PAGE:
Report: Choo Turned Down 7 Years, $140 Million From Yankees
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NEW YORK (CBSNewYork) — The Yankees were very close to spending nearly $300 million on just two players.
According to Yahoo! Sports’ Jeff Passan, the Bombers offered free agent Shin-Soo Choo a seven-year, $140 million contract after they signed Jacoby Ellsbury to a seven-year, $153 million contract in the aftermath of Robinson Cano bolting to Seattle for $240 million over 10 years.
Choo, a career .288 hitter with 104 home runs, and his agent, Scott Boras, declined, asking instead for Ellsbury money. The Yankees immediately pulled their offer and signed Carlos Beltran to a three-year, $45 million deal, Passan reported.
Choo, a 31-year-old outfielder from South Korea, is by far the most attractive free agent remaining on the market, but without the Yankees in play for his services it’s hard to believe he will get an offer bigger than what general manager Brian Cashman threw his way. However, Choo’s agent is Boras, after all, and Boras generally makes his clients happy.
The Yankees now have a surplus of outfielders, with the starters likely being Alfonso Soriano in left, Ellsbury in center and Beltran in right. They also have Brett Gardner, Ichiro Suzuki and Vernon Wells and are believed to be shopping Suzuki and waiting for the right deal to move Gardner. Last week the Yankees turned down the Cincinnati Reds’ offer of second baseman Brandon Phillips for Gardner after the three-time All-Star demanded the Yankees re-work his contract, which has four years and $50 million remaining.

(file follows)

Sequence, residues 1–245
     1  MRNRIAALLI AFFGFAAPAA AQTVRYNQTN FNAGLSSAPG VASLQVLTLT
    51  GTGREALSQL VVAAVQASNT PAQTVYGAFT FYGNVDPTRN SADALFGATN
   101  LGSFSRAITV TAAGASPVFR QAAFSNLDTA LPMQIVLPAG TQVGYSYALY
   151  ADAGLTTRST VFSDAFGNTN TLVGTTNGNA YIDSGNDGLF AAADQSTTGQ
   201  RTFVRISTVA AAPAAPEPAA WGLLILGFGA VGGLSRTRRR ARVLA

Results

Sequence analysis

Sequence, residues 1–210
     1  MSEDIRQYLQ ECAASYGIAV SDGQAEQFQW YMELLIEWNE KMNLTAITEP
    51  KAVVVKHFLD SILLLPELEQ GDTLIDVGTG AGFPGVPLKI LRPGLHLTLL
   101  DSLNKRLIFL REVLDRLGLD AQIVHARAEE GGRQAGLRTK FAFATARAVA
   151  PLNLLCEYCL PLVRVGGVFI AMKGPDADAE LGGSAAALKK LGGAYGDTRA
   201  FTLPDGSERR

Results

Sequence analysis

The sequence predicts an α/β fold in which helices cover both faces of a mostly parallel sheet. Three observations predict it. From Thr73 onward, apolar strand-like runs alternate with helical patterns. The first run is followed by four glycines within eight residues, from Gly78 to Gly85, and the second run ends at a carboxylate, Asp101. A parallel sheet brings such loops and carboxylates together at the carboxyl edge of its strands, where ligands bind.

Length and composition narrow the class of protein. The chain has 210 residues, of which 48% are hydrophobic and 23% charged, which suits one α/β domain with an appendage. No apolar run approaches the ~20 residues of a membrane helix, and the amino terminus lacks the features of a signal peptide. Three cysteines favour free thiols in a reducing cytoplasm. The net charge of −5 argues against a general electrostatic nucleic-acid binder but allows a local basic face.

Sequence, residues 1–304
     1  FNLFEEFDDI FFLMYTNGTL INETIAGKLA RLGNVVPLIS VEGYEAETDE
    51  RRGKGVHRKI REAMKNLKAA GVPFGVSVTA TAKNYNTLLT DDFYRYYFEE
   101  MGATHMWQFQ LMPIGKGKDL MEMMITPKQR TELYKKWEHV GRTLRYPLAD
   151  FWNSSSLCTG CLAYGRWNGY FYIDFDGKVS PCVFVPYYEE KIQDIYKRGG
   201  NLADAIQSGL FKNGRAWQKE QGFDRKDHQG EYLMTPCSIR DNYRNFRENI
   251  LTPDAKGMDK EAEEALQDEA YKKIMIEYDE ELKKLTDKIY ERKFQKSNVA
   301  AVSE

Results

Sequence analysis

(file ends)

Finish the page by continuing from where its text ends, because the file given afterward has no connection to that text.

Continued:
Cashman and Co. have since moved on and look content to platoon at second base with Kelly Johnson and Brian Roberts, who were each signed to a one-year deal. The Yankees are also considering their options at third, with rumors of interest in Michael Young to replace Alex Rodriguez, should A-Rod’s 211-game suspension be upheld.
What happens with A-Rod could prove vitally important to the Yankees financially. According to an Associated Press report, New York is now committed to around $177 million of luxury taxable salary for next season. Yankees executives have said time and again that getting in under $189 million is a goal, but not a mandate.
However, if the idea is to make a serious pitch for Japanese right-hander Masahiro Tanaka, who could be posted by his club any time now that the new rules have been worked out between Major League Baseball and Nippon Professional Baseball, the Yankees would gain added flexibility from all or part of Rodriguez’s $27.5 million salary being wiped off their books.
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